You get into your car, reach over to change the radio station and begin to back out of your space in the local grocery store’s parking lot. All of a sudden, another car from the lane behind you decides to back out and just as you try to put your foot on the brake to prevent an accident, your two vehicles collide. The damage is minor but it’s still a car accident.
Approximately 75 percent of all car accidents are non-injury accidents, and only involve property damage, as reported by State Farm Insurance Company. These “fender-benders” and low speed accidents are considered minor car accidents because parties involved rarely sue and usually come to quick settlements.
Common car-on-car fender-benders occur usually when people:
- Get distracted while texting, changing the radio station, applying makeup, etc.
- Drift off to sleep in bumper-to-bumper, rush-hour or slow-moving traffic
- Exceed speed limits in parking lots, malls or shopping areas
- Reverse out of driveways
- Get caught in a chain-reaction of a rear-end collision
If you’ve been in a fender-bender, you probably know what you need to do, but sometimes it’s hard to think clearly in the midst of damages to your car, broken glass, angry people, etc. Here are a few things for you to remember to stress less during a minor accident:
- Breath and stay calm – use your cell phone to call work and let them know you were in an accident. Ask a grandparent or spouse to pick up the kids. Make arrangements that are needed.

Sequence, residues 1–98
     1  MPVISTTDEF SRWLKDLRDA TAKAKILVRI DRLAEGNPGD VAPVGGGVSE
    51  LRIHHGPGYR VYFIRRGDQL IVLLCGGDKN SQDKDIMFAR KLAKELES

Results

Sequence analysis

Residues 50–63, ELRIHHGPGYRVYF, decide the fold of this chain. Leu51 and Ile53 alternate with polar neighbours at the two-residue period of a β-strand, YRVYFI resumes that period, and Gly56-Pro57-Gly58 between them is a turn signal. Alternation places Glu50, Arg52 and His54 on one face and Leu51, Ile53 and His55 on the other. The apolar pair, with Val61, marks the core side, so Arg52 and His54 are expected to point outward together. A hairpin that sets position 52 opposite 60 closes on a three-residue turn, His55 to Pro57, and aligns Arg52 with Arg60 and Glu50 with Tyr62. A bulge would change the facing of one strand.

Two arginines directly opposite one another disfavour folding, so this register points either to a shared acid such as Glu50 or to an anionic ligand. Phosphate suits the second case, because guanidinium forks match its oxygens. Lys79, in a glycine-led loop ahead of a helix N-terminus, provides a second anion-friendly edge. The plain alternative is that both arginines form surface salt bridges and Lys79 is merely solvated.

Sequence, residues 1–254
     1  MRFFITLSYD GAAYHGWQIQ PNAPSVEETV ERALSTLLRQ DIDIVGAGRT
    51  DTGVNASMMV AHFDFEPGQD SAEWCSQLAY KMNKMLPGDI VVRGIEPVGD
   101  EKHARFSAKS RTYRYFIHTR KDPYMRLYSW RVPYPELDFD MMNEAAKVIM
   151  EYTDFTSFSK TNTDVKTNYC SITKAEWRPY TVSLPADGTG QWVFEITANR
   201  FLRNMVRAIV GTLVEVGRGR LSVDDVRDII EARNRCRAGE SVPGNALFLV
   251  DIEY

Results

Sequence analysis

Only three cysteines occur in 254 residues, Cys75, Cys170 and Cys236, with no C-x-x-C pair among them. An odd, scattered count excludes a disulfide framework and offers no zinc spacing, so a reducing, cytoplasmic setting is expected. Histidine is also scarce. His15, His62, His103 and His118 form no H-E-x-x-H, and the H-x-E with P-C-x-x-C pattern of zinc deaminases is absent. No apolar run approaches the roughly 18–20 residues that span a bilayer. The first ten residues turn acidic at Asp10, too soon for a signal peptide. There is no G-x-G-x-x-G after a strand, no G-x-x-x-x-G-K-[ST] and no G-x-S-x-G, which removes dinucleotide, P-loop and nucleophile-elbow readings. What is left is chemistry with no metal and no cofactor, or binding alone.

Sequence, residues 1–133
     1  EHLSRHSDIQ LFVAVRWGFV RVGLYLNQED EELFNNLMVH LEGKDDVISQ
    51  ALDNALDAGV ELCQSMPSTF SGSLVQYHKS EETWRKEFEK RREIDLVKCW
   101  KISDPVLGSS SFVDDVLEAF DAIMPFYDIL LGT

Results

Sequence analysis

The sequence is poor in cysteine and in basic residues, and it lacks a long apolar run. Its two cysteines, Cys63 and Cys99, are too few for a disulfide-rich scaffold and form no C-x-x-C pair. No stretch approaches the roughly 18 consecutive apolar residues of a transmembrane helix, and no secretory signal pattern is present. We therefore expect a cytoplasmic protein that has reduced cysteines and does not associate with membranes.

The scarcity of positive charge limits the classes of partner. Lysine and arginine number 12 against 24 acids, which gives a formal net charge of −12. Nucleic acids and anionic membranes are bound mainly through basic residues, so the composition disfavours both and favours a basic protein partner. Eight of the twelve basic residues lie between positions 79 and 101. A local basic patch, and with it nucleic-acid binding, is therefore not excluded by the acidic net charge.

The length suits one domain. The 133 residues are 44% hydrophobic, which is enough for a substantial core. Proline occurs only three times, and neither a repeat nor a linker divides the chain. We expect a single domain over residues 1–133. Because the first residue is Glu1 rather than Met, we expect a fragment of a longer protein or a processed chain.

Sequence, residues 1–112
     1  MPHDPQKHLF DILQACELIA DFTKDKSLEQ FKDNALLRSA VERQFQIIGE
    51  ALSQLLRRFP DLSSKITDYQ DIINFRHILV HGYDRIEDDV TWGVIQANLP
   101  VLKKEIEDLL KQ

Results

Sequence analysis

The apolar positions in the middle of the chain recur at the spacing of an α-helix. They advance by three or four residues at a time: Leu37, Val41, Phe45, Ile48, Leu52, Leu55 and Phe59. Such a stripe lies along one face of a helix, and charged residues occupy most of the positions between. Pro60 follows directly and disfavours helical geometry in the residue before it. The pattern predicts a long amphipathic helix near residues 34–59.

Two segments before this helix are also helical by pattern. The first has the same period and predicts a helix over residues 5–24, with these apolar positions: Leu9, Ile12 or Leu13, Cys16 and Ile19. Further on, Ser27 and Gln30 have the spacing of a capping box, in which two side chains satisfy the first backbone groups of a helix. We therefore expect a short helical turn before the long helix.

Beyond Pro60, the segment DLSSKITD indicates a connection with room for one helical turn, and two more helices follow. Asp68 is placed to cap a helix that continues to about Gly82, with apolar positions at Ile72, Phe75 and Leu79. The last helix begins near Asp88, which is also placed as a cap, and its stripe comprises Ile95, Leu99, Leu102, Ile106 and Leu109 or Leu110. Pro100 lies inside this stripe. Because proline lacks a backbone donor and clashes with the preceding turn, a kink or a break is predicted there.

- Anger doesn’t help – you can’t control how other drivers react to the accident, but you can choose to relax. Think: minor accident, no injuries.
- Don’t apologize – no matter how much you feel like you need to apologize, don’t. If your fender-bender ends up in court, the driver can use this against you. Wait to speak to your insurance company about your accident.
- Alert the police – call the police or fire rescue if someone is hurt; call the police even if no one is injured. The police will create a report including all the details of your accident to decide who’s at fault. A few days after, you can ask for a copy of the report from the police station for a fee.
- Collect insurance information – exchange insurance and contact information; look at his driver’s license and confirm all the information he gave you is updated. You can show your drivers license to the other driver but do not let him hold onto it; it may be very difficult to get back.
- Ask for witness statements – ask witnesses to write down their information and a brief statement for your insurance company.
- Take stamped photographs and videos – use your phone to take pictures and videos at the scene of your accident. Make sure the evidence is stamped by ensuring the date/time is set on your recording device.
- Contact your insurance company – if you think the other driver is at fault for your accident, contact his insurance company, along with your own insurance agent to file your claim. Record the claim numbers.
A minor fender-bender can be a big headache, and leave you paying for damages. If you know you weren’t the cause of your accident, why should you have to pay for the reckless or negligent actions of another individual. Protect yourself and your family, we’re here to help you fight for your right to a peaceful and comfortable recovery.